The top of the chain plate extends through the
deck and attaches to a turnbuckle fitting. In this
picture, I've removed the deck collar plate and dug
out all of the bedding from around the chain plate.
The rust staining you see on the chain plate here,
combined with what I saw on the collar plate, and
the evidence of water leakage below, were the
causes of my concern. 
But all new standing rigging does nothing to prevent a dismasting if there remains a weak link in the proverbial chain. Our remaining potential weak link was the chain plates.
Chain plate failure is uncommon. On a good, solid boat chain plates are overbuilt. On a well maintained boat chain plates are re-bedded on occasion to prevent water from seeping and weeping into the sealed space where the chain plate passes through the deck. The danger is that water here can cause and accelerate crevice corrosion of the stainless steel. Unchecked over time, this corrosion (totally hidden from view) can lead to a catastrophic failure of the rig.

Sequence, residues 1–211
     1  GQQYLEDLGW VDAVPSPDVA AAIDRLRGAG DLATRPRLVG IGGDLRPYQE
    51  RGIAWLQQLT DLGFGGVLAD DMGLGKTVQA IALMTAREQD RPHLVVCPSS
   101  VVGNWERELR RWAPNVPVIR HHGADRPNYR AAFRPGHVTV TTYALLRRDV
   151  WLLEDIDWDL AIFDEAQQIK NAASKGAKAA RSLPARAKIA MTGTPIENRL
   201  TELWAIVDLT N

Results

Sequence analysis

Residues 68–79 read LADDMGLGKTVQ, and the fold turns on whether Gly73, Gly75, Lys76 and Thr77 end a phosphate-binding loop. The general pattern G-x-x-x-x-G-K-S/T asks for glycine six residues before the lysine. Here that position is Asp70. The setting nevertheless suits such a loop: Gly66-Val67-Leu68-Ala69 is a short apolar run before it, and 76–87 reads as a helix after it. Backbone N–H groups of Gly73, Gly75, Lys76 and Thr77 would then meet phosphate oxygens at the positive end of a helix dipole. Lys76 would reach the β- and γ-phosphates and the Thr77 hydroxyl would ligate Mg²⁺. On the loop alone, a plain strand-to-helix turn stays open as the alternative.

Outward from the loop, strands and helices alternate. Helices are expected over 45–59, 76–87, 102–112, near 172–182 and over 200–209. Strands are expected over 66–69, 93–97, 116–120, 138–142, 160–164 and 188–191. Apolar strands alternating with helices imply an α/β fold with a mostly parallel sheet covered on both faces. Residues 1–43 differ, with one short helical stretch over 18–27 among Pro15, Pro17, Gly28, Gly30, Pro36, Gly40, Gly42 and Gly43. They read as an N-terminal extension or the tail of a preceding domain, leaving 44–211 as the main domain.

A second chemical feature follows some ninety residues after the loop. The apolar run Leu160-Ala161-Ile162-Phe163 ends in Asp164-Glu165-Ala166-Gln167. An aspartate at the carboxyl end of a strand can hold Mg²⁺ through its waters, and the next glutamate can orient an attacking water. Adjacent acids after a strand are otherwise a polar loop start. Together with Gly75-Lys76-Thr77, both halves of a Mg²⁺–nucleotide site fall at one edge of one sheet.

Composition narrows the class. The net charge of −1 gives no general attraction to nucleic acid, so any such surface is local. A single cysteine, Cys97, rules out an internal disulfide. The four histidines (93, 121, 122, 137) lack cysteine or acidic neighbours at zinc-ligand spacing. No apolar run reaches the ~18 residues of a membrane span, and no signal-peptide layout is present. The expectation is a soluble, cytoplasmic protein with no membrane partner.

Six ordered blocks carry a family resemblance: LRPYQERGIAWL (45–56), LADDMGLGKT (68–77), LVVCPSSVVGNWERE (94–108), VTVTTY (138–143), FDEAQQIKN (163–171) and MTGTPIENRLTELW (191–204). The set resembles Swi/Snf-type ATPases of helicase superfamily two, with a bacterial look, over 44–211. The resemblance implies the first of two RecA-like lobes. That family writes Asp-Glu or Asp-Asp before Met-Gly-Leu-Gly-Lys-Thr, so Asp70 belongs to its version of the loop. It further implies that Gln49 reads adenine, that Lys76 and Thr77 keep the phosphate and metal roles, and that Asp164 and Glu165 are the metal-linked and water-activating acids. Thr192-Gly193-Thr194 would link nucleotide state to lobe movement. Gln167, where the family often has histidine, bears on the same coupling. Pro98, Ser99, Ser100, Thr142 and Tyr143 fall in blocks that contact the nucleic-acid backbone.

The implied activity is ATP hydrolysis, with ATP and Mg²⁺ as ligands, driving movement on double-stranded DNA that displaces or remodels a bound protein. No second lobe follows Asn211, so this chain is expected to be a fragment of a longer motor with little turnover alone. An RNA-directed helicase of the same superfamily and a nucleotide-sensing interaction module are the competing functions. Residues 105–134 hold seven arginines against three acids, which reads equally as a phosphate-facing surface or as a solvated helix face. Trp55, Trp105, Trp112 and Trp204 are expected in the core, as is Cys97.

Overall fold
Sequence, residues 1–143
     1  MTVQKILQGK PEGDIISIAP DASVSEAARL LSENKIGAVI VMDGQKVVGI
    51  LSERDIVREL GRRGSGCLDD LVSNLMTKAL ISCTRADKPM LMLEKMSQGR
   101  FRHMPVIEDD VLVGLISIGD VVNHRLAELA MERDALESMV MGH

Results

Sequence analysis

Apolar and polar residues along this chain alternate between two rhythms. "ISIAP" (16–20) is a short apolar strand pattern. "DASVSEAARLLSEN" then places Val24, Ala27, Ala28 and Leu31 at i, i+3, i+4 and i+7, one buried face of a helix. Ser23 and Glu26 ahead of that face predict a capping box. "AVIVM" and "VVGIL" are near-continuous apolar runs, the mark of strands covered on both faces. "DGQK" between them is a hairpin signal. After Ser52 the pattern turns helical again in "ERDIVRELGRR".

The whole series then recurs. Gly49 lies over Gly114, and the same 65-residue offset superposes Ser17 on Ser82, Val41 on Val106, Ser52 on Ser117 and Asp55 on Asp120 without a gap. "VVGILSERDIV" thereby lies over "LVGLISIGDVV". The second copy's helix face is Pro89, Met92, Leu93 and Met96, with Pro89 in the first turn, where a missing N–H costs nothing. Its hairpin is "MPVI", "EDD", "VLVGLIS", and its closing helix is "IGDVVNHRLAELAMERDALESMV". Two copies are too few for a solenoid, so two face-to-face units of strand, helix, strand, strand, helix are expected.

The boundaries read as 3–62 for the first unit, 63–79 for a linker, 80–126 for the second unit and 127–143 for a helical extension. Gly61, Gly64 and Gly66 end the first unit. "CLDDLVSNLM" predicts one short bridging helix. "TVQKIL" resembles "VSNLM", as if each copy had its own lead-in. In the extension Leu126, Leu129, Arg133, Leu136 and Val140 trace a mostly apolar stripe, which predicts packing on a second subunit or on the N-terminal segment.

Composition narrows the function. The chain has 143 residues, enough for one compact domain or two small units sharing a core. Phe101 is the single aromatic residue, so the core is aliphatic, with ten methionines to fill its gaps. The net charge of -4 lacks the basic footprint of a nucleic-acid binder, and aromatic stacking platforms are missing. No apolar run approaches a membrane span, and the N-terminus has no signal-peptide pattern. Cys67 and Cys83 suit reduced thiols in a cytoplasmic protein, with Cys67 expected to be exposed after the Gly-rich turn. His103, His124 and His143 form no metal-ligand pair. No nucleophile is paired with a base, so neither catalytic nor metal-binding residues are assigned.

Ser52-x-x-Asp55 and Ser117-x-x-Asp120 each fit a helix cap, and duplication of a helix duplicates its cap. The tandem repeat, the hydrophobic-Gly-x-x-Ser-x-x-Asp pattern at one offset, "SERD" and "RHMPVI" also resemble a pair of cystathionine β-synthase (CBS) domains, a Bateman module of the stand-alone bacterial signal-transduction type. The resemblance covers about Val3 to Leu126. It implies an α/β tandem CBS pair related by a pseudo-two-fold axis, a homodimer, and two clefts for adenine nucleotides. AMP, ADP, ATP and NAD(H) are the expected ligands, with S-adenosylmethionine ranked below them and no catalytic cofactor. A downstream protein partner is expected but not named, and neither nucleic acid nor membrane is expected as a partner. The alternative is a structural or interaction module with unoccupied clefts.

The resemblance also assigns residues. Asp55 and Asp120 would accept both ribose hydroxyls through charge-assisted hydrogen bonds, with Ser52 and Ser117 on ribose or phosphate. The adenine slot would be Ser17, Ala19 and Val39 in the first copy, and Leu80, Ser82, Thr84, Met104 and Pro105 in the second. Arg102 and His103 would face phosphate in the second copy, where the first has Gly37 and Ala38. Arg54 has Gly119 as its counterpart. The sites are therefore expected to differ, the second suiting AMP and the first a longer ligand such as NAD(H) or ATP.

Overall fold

Our rigger (Rob) noted that the bedding around our chain plates is an old product (popular in the 1970’s and 1980’s) called Dolfinite. It is still available, but I suspect its use to seal our chain plates is an indication that they’ve not been cleaned out and re-bedded in a long time. Also, there is rusty evidence of water leaking on most of our chain plates. Topsides, where the through-deck holes are sealed with a plate around each chain plate, more rust is evident.

The heavy fiberglass strut with the
chain plate removed. The rust stains
are superficial. Note the through-
deck hole at the top.

All of this led me to believe we may have serious crevice corrosion on our chain plates and may have to replace them before we can sail anywhere. To determine whether or not we have a problem, I had to remove the chain plates. (Note: the fore and aft stays on our boat are external, meaning they do not pass through the deck, creating the need for a collar of sealant, devoid of oxygen and where water may penetrate, causing corrosion. For this reason, problems with these chain plates are less likely to be hidden.)